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Best version of Nuages to Transcribe and learn?

bobertoboberto New
edited March 2010 in Repertoire Posts: 3
I'm going to limit my query to Django recordings.

Which of the, er, 17 or so versions of Nuages that Django recorded during his life do you think is the best one to transcribe?

Bonus points if you can include an amazon-mp3 or itunes link in your post.

Comments

  • HennoxLaneHennoxLane Leuven, BelgiumNew
    Posts: 34
    well, I find the very last one he ever recorded (a few weeks or days before his death, according to the information that came with the cd) to be the most beautiful, you can find it on"pêche à la mouche"!
  • Rostaing on clarinet late 40's if I recall correctly.

    That's my favourite anyway
    The Magic really starts to happen when you can play it with your eyes closed
  • adrianadrian AmsterdamVirtuoso
    Posts: 494
    Why not just choose the one you enjoy the most? Or take your favorite bits and pieces from different versions?
  • bobertoboberto New
    Posts: 3
    Came across an excellent annotated rundown of the different versions of Nuages c/o Dave Gould's Guitar Pages [?] - http://www.gould68.freeserve.co.uk/nuages.htm
    On this page I will attempt to list and describe all of Django's recordings of his most famous composition, NUAGES (also known as "The Bluest Kind Of Blues"). Written and first recorded in the autumn of 1940 NUAGES became the best known and probably the most played of all of Django's large output as a composer.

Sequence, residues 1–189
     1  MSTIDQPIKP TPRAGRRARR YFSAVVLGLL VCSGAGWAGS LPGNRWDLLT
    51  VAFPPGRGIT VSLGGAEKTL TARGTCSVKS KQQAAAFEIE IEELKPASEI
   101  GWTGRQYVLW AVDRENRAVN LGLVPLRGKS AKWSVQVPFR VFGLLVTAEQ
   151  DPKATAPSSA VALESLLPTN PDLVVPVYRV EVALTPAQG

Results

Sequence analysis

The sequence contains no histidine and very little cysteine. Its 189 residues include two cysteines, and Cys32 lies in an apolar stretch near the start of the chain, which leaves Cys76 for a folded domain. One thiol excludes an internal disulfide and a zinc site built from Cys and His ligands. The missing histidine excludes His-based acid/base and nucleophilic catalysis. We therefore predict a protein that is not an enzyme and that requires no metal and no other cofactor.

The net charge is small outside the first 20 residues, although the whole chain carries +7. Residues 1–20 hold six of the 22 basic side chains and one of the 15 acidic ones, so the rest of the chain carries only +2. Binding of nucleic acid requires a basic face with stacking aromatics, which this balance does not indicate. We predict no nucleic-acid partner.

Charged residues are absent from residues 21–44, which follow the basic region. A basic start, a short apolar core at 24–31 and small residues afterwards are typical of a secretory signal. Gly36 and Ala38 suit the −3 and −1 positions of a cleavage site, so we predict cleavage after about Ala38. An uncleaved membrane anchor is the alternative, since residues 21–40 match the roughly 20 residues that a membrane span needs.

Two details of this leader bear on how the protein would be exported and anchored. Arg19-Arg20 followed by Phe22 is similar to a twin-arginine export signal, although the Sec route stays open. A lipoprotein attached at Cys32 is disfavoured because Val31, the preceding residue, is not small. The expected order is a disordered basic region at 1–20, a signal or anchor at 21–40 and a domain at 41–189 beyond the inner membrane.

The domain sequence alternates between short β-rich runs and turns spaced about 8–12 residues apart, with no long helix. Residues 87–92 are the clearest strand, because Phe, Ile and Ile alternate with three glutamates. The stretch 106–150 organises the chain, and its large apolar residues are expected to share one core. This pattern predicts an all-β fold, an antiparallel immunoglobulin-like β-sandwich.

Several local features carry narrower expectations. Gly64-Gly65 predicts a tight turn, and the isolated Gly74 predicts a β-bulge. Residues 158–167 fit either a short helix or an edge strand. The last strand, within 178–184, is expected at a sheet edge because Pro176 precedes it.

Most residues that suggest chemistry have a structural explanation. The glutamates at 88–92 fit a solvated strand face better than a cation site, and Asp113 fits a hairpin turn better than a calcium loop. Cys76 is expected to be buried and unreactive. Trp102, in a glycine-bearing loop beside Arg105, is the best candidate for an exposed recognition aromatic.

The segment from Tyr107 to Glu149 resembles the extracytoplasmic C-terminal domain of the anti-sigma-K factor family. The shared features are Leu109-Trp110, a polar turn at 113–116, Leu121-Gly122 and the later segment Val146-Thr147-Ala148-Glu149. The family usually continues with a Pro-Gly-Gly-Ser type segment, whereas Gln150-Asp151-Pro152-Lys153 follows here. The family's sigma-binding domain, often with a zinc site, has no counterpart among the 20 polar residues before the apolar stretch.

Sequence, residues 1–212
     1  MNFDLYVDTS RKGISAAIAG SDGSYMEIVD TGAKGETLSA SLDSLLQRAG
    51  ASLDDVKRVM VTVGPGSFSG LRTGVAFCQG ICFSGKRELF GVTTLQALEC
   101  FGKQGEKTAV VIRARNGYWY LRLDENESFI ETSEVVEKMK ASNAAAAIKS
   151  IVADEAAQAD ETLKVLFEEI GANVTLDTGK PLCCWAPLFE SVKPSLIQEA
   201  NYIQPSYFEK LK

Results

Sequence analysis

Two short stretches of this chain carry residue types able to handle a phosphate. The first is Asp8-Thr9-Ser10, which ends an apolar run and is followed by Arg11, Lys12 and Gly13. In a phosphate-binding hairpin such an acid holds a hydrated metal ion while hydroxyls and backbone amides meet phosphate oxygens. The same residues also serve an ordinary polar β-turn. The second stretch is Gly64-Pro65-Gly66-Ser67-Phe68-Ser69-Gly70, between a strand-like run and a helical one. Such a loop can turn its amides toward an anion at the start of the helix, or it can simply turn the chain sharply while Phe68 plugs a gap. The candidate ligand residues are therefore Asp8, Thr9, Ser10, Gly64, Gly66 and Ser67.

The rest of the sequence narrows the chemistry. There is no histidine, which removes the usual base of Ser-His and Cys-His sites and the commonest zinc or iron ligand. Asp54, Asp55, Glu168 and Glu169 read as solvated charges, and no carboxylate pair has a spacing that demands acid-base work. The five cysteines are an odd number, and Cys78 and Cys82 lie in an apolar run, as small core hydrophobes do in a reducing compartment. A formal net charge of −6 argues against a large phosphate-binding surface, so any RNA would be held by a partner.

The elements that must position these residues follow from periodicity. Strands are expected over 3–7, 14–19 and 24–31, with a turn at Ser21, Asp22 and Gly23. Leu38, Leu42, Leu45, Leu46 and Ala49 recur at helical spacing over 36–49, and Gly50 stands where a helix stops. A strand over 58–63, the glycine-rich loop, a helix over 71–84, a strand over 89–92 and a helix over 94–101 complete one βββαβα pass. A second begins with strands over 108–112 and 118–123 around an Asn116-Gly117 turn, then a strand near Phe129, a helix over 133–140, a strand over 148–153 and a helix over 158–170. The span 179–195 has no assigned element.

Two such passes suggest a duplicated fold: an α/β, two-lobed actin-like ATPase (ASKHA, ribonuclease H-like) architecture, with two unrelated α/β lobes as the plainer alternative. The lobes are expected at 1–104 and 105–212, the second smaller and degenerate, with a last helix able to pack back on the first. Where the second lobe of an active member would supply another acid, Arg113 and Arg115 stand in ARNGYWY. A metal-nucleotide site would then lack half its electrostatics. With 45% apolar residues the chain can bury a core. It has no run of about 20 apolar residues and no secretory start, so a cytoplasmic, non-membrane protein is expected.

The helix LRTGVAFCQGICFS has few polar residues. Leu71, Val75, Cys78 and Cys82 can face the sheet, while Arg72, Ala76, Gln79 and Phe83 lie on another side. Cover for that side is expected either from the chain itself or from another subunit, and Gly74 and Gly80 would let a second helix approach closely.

The war had begun and Django had left Stephane in England and returned to France to play and record with various personnel during the winter of 1939 and the first half of 1940. By this time Django was becoming anxious to reform the quintet and since Grappelli was not available it was thought that the new line-up should be clarinet, two guitars, bass and drums. Django had been impressed by the playing of saxophone and clarinetist Hubert Rostaing and went into the studios on October 1st 1940 to record six tracks, one of which was NUAGES. Django was to record this tune a total of at least 13 times between October 1st 1940 and his death in 1953:

    He goes on to detail the specifics of each of the versions. Worth checking out.

    Thanks for the feedback guys.
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